Enterprise technology: The use of technology to more effectively manage the corporate work-place and enhance productivity has been something of a revolution over the last two decades. There is huge potential to increase productivity in adjacent opportunities, such as factory environments and the construction sector where connectivity is enabling new data analytics for operational needs.

Cloud computing, through shared centralised data centres, is far more energy efficient than on-site servers. Anyone can now access and scale-up their data processing, which has the potential to significantly increase creativity and productivity in the economy.

Semi-conductors: These provide some of the building blocks of the “Internet of Things”, which is driving productivity improvements, improving resource efficiency and enabling predictive maintenance to prevent accidents.

Assessing sustainability risks

Of course, no industry is devoid of social and environmental risk and the Impax Sustainability Lens highlights a few significant challenges to growth in some areas of Digital Infrastructure. These include anti-trust, taxation and data privacy as well as emerging health concerns over the effect of excessive ‘screen time’ by individuals, particularly children and vulnerable members of society. Regulation and efforts at self-regulation are inevitably occurring and we expect the pace of this to increase.

Taking these risks into account early in our prioritisation of investment ideas for the Impax Global Opportunities Strategy has enabled our managers to avoid problems now emerging in household name internet service providers and social media platforms, whilst profiting from the continued expansion of the digital highway which supports sustainable economic growth.

Source data

1 Railways and growth: evidence from nineteenth century England and Wales. Eduard Alvarez, Dan Bogarty, Max Satchell, Leigh Shaw-Taylor, and Xuesheng You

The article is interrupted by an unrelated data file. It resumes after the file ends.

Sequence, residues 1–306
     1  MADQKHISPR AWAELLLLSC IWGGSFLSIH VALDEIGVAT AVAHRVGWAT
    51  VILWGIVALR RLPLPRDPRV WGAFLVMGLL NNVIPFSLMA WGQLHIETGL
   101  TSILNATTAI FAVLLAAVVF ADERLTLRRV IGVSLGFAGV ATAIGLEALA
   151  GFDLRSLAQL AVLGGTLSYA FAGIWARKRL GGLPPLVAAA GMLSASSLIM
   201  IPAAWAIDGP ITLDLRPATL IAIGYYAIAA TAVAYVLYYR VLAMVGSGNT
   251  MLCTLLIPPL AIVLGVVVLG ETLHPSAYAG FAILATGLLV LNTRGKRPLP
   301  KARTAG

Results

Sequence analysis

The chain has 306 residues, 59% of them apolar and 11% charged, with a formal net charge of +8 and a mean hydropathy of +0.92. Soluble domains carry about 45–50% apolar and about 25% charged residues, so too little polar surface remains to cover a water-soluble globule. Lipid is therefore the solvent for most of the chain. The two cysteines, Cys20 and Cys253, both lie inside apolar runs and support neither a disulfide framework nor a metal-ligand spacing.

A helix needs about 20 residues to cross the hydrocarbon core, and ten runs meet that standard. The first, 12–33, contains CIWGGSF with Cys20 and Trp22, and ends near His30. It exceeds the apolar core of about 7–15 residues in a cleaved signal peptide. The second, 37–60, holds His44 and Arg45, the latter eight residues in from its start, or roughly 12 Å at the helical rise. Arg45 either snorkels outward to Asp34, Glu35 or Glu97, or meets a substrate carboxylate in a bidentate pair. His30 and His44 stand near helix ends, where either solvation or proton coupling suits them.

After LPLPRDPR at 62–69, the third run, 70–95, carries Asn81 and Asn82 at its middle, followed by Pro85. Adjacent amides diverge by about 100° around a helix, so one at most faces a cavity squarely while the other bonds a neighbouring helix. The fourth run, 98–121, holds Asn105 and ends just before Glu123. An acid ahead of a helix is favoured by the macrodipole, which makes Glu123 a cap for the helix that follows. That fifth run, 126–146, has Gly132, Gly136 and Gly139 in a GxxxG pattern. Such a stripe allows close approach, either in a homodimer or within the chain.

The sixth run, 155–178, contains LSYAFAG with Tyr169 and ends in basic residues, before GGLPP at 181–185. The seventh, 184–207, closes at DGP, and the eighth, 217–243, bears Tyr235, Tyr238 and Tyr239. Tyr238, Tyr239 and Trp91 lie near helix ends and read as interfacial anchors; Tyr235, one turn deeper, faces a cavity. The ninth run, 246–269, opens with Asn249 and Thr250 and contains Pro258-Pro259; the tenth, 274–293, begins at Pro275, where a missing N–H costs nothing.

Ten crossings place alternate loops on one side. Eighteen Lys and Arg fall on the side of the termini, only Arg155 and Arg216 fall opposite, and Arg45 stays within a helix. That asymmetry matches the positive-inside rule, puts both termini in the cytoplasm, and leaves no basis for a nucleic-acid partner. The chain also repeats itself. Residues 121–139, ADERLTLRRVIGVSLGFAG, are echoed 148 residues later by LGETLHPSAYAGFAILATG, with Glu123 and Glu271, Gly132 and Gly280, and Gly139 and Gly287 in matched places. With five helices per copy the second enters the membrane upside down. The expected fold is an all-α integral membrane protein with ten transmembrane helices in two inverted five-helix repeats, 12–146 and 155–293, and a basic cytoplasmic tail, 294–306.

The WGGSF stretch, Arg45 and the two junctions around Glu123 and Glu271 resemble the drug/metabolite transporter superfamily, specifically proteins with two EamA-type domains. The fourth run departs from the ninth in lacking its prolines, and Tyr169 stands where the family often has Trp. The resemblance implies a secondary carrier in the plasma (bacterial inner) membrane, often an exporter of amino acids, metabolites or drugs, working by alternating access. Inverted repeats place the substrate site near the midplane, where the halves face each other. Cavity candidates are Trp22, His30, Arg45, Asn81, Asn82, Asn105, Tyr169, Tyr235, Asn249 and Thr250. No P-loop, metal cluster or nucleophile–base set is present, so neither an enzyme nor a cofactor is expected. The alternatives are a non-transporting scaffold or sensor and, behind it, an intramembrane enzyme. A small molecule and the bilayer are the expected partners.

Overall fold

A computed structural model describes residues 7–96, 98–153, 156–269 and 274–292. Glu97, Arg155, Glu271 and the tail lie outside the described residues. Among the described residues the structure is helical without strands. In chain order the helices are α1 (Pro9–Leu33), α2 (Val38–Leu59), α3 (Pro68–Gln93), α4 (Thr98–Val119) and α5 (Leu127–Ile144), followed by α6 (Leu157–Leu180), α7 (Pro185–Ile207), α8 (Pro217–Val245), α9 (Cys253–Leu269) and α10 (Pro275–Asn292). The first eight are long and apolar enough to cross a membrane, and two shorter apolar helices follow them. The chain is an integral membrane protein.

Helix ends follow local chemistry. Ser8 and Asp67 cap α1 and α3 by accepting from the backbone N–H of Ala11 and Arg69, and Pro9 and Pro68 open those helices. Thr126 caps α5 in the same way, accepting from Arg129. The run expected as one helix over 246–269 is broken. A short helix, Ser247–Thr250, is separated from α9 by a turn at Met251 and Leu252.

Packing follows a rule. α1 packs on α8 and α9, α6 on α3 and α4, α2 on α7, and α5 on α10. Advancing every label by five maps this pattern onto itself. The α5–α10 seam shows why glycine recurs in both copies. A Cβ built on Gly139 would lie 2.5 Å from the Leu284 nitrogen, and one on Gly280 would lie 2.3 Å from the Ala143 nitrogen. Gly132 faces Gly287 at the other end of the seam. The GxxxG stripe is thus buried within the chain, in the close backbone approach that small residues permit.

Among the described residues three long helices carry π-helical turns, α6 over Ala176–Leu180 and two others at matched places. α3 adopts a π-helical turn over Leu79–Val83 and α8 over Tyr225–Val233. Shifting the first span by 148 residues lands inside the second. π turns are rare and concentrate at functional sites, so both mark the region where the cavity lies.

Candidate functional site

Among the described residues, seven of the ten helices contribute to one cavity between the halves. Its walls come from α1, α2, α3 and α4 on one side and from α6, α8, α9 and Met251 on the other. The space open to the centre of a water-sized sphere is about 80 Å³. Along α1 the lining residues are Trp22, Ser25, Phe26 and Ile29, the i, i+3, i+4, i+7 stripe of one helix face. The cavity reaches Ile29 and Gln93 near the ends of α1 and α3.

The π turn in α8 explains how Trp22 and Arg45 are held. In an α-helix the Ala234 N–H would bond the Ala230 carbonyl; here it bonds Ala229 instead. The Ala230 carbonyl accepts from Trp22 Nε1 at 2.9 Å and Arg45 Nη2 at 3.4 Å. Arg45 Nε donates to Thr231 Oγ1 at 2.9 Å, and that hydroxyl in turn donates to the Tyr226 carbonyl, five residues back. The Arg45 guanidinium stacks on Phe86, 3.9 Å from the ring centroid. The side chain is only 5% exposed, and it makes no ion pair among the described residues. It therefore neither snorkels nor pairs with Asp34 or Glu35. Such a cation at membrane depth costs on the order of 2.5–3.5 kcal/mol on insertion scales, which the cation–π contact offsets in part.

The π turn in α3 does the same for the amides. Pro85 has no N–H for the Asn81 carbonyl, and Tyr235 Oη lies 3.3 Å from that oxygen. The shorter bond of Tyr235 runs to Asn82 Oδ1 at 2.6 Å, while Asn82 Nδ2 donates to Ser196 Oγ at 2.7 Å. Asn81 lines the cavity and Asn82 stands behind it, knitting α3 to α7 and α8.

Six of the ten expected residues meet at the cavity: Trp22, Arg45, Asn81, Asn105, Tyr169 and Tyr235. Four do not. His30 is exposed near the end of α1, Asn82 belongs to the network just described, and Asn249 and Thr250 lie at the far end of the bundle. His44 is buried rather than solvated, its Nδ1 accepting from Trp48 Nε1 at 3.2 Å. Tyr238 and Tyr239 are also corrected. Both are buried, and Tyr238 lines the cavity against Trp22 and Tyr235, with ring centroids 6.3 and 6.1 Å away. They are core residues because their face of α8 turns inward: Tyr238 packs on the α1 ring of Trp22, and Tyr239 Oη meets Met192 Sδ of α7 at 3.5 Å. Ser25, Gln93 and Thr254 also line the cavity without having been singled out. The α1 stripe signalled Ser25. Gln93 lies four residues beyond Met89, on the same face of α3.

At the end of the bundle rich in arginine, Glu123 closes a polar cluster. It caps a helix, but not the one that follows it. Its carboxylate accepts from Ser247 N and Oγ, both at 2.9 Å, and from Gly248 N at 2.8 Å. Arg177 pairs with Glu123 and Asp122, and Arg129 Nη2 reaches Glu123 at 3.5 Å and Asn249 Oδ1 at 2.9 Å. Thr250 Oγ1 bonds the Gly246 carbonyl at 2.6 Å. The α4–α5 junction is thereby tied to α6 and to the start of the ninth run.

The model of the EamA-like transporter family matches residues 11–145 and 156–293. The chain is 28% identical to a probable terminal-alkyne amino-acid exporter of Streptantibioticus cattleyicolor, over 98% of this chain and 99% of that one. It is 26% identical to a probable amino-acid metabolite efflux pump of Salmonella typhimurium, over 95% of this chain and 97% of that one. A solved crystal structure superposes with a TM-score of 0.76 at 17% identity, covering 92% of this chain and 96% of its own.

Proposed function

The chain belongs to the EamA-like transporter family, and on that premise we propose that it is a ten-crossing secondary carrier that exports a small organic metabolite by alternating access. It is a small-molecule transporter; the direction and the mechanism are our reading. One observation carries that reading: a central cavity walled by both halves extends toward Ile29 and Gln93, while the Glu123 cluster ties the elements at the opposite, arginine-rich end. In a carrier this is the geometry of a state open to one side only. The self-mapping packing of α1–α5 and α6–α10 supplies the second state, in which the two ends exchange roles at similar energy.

2 Econometric analysis of the link between public transport accessibility and employment, Daniel Johnson, Marco Ercolani, Peter Mackie
3 The Telegraph newspaper 11 September 2019 and Yahoo! News 20 May 2019

David Winborne

Senior Portfolio Manager

David is co-manager of the Global Opportunities, Leaders and US Environmental Leaders strategies. He has global research responsibility and specialises in Energy Efficiency and Pollution Control environmental markets sub-sectors. David researches stocks globally with a focus on the Technology and Telecommunications sectors.

David joined Impax in 2015 from the in-house asset management team at Tesco Pension Investment where he had joint responsibility for the successful development, launch and management of a new global equities investment platform for Tesco’s pension fund. Prior to this David was a fund manager at Sarasin & Partners, where he was responsible for the firm’s Asia-Pacific equity fund and for contributing investment recommendations to Sarasin’s flagship thematic Global Equity fund.

After graduating from the University of Bath, David began his career at Insight Investment on the Global Equities graduate scheme in 2003 as a global equity analyst.